Models | Description | |

1. | A 1000 cell network model for Lateral Amygdala (Kim et al. 2013) | |

1000 Cell Lateral Amygdala model for investigation of plasticity and memory storage during Pavlovian Conditioning. | ||

2. | CA3 Network Model of Epileptic Activity (Sanjay et. al, 2015) | |

This computational study investigates how a CA3 neuronal network consisting of pyramidal cells, basket cells and OLM interneurons becomes epileptic when dendritic inhibition to pyramidal cells is impaired due to the dysfunction of OLM interneurons. After standardizing the baseline activity (theta-modulated gamma oscillations), systematic changes are made in the connectivities between the neurons, as a result of step-wise impairment of dendritic inhibition. | ||

3. | Gamma and theta rythms in biophysical models of hippocampus circuits (Kopell et al. 2011) | |

" ... the main rhythms displayed by the hippocampus, the gamma (30–90 Hz) and theta (4–12 Hz) rhythms. We concentrate on modeling in vitro experiments, but with an eye toward possible in vivo implications. ... We use simpler biophysical models; all cells have a single compartment only, and the interneurons are restricted to two types: fast-spiking (FS) basket cells and oriens lacunosum-moleculare (O-LM) cells. ... , we aim not so much at reproducing dynamics in great detail, but at clarifying the essential mechanisms underlying the production of the rhythms and their interactions (Kopell, 2005). ..." | ||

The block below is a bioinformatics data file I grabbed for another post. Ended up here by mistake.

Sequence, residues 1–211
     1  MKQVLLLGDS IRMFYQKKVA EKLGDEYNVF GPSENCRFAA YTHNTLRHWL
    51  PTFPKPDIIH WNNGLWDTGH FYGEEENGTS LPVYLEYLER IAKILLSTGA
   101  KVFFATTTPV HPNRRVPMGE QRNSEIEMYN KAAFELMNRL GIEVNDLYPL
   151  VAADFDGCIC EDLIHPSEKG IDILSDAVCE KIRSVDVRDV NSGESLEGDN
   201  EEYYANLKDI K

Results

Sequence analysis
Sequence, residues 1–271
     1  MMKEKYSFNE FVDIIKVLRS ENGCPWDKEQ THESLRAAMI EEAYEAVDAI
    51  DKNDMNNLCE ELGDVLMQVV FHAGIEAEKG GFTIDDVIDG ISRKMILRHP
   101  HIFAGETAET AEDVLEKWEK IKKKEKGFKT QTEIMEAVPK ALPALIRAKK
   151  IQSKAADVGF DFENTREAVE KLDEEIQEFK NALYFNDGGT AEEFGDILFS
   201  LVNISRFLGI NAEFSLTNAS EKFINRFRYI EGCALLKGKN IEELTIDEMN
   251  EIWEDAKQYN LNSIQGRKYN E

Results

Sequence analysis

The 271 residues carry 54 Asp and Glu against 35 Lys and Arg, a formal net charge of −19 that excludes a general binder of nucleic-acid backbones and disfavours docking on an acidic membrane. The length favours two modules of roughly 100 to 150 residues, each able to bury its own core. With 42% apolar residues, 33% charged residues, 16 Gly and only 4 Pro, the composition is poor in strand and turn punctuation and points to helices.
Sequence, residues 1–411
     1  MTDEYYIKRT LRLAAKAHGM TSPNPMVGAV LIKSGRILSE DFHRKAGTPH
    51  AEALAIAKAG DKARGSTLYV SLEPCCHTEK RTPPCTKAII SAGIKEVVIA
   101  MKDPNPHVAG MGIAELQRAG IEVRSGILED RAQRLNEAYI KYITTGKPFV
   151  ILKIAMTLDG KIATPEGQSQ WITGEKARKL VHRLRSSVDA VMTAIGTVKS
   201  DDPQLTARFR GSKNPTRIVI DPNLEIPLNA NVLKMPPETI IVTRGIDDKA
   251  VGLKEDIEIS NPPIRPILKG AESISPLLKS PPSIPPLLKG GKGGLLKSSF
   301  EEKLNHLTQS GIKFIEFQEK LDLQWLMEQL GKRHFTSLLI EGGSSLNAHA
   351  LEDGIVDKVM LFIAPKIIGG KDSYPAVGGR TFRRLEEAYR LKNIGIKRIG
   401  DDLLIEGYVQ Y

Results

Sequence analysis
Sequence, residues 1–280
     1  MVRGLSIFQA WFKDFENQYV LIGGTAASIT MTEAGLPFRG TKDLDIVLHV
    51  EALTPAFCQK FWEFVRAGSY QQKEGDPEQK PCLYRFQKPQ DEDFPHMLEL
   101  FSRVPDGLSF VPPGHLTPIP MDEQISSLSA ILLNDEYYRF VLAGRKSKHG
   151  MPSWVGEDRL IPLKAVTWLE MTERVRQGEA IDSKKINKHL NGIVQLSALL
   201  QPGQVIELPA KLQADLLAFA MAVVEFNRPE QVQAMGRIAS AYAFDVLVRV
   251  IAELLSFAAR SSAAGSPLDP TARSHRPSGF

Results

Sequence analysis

4. | High frequency oscillations in a hippocampal computational model (Stacey et al. 2009) | |

"... Using a physiological computer model of hippocampus, we investigate random synaptic activity (noise) as a potential initiator of HFOs (high-frequency oscillations). We explore parameters necessary to produce these oscillations and quantify the response using the tools of stochastic resonance (SR) and coherence resonance (CR). ... Our results show that, under normal coupling conditions, synaptic noise was able to produce gamma (30–100 Hz) frequency oscillations. Synaptic noise generated HFOs in the ripple range (100–200 Hz) when the network had parameters similar to pathological findings in epilepsy: increased gap junctions or recurrent synaptic connections, loss of inhibitory interneurons such as basket cells, and increased synaptic noise. ... We propose that increased synaptic noise and physiological coupling mechanisms are sufficient to generate gamma oscillations and that pathologic changes in noise and coupling similar to those in epilepsy can produce abnormal ripples." | ||